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A reference book for the musician’s practical work of interpretation, this volume, after a general presentation of 18th century principles for determining a tempo, offers a compendium of all Mozart’s autograph tempo markings in 420 lists of pieces of similar character. Thus, a comparison of slower and quicker movements is made possible by 434 music examples, and there follows a wide-ranging collection of relevant texts taken from historical sources.

The book does not claim to know “the single correct tempo” for the works of Wolfgang Amadeus Mozart. It hopes to be of assistance in the unavoidable search by every interpreter for the “true mouvement” of each work—for the work itself, for the performer, the instrument or instruments, the room, the public, the nature of the event. It follows that there can be no absolutely “authentic” tempo for Mozart’s works. And yet his tempo markings, since he chose them so meticulously, should be taken equally seriously with the other parameters of his famously precise notation.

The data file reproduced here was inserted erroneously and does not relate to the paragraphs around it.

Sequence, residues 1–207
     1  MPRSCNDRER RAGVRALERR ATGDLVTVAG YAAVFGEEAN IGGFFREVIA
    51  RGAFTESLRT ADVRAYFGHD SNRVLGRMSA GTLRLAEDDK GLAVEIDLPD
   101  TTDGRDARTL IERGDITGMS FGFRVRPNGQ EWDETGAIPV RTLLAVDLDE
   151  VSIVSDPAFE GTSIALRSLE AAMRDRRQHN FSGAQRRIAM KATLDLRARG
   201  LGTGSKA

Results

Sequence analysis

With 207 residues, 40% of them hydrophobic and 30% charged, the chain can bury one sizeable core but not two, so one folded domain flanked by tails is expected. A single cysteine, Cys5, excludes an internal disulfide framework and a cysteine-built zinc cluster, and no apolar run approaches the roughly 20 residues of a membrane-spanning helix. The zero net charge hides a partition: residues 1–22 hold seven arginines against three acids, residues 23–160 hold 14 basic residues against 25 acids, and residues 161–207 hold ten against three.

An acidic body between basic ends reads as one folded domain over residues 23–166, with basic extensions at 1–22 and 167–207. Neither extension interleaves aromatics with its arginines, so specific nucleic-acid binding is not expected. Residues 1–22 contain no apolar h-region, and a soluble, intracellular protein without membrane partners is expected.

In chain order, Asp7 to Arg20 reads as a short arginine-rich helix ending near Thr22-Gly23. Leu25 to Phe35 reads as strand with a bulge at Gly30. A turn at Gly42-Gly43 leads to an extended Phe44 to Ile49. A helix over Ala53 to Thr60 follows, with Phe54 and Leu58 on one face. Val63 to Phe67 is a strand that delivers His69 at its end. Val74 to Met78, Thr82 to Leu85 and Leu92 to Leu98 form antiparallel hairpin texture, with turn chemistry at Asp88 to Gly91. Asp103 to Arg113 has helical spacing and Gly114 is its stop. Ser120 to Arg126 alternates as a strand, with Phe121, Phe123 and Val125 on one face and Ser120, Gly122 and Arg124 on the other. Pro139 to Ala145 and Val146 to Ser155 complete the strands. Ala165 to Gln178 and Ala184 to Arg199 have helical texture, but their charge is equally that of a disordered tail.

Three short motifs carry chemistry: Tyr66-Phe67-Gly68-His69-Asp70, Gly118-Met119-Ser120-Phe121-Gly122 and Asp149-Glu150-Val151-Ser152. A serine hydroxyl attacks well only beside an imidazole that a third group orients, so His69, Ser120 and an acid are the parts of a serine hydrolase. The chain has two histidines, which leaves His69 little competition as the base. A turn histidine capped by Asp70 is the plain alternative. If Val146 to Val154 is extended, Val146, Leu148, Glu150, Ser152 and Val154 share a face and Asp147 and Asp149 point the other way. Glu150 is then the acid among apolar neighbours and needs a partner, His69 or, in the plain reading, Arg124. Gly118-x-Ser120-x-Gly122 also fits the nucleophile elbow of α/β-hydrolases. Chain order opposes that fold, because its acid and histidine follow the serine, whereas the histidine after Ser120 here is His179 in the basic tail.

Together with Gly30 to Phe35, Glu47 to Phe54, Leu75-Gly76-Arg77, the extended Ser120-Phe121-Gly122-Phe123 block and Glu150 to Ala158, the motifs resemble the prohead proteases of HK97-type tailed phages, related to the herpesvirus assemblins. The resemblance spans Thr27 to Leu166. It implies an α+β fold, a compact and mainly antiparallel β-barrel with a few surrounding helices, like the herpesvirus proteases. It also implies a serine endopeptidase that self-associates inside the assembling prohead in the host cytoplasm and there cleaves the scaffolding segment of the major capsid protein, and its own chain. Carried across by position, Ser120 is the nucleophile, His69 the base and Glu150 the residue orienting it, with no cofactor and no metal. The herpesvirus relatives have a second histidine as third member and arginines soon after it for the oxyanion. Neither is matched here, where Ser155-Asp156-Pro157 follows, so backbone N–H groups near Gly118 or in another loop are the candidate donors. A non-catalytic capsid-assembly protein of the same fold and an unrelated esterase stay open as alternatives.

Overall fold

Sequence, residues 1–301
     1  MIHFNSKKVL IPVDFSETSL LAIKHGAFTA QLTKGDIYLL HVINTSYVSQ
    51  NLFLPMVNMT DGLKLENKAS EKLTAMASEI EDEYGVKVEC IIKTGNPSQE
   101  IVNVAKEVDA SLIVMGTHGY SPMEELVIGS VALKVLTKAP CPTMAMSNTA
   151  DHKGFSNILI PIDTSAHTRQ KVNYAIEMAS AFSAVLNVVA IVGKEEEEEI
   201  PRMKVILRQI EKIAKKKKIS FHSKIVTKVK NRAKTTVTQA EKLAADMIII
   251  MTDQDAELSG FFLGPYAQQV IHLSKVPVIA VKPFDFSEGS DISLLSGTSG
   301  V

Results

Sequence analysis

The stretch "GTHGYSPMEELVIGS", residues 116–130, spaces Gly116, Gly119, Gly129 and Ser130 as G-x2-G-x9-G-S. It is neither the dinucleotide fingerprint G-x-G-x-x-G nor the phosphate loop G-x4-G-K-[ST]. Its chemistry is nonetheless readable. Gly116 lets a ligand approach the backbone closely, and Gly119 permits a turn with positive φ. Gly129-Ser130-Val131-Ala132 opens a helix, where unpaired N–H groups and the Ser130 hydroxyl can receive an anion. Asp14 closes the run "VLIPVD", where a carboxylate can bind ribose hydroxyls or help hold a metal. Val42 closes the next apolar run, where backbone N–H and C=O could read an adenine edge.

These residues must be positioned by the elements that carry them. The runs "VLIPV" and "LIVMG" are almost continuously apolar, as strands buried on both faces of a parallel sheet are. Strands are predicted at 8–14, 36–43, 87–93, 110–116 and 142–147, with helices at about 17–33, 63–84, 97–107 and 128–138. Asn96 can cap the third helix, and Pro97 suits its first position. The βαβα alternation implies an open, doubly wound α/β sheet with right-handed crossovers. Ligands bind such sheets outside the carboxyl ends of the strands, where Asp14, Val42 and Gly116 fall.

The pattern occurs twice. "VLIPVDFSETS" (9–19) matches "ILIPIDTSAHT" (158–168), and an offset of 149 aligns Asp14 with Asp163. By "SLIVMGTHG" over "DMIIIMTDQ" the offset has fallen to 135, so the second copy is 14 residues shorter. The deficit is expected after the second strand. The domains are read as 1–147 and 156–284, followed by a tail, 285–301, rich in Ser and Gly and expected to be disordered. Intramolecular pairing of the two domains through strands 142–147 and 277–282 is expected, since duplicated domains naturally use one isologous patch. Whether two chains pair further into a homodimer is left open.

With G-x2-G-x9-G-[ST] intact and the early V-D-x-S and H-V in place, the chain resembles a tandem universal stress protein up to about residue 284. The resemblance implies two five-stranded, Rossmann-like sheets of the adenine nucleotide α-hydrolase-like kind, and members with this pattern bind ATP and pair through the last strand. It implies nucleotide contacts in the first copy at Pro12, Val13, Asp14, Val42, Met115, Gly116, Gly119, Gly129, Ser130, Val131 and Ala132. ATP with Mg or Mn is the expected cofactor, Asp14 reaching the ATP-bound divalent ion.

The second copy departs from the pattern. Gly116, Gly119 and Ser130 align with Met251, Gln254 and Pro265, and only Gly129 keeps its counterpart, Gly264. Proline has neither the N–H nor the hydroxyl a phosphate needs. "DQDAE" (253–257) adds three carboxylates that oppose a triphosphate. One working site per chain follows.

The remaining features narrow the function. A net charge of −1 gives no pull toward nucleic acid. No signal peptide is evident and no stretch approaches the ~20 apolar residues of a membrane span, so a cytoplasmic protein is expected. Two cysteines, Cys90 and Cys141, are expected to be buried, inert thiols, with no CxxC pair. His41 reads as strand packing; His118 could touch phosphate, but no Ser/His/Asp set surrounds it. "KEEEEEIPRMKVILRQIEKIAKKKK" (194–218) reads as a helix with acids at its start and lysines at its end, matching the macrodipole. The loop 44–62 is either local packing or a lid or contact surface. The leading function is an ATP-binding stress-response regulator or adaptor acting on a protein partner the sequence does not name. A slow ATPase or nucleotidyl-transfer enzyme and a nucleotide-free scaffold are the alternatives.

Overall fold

Alfred Brendel writes: “an astonishing opus … one of those rare and important books in which music and musicology form a vital association; a lifelong study that makes one very much aware of a field to which attention is rarely paid. It accomplishes this by bringing to bear an understanding that never loses sight of the musical foundation on which it is built, and by a discerning intelligence that does not shy away from raising debatable topics, although without ever claiming infallibility … One cannot be grateful enough to Helmut Breidenstein for his methodological accuracy which allows us Mozart interpreters to orientate ourselves with ease and pleasure … His book sharpens our perception, at the same time giving an overview and making us sensitive to each individual case. Admiration and gratitude.”